Reporting from Visalia, Calif. - Strolling through emerald groves of orange trees, Tulare County citrus grower Allen Ishida said he reckons he'll have to sell some of his 270 acres to pay higher property taxes should his county pull out of a threatened farmland preservation program.
Thirty miles down California 99, third-generation almond grower Don Davis was making similar calculations.
Davis figures he could rip out rows of almond trees stretching over 480 acres near McFarland in Kern County and sell the land, if necessary. He'd have no choice, Davis said. His property taxes would probably triple from $44,000.
Across the San Joaquin Valley, the richest agricultural region in the nation, the farmers who produce milk, grow crops and raise beef cattle are nervous about the popular Williamson Act program going belly up.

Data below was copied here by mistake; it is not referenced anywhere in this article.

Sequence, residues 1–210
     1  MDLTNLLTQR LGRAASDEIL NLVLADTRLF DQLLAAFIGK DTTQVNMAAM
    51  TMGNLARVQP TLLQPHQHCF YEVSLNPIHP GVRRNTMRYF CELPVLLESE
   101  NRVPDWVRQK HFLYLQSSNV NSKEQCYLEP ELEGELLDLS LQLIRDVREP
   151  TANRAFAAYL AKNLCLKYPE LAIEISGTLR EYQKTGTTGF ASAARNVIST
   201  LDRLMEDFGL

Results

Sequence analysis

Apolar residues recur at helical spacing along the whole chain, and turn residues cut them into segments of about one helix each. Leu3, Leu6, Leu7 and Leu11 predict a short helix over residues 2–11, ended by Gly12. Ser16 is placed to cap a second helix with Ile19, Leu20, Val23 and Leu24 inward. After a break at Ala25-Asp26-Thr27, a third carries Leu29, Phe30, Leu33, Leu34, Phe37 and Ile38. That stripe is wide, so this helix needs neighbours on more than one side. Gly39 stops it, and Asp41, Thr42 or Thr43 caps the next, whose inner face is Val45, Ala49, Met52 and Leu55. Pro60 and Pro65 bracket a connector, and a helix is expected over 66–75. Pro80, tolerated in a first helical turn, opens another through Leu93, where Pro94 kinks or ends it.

"We don't want to see it go away because it gives us the ability to just be farmers and to be billed like farmers," Davis said....
Created in 1965, the act allows counties to enter into rolling contracts with farmers and ranchers to keep agricultural land in production for at least 10 years. In return, counties value their lands in ways that reduce property taxes by up to 90%.
For 38 years, the state has contributed some of the annual property tax revenue that counties lose. Loss of those payments this year is spurring several counties to assess whether they can afford to stay in the program.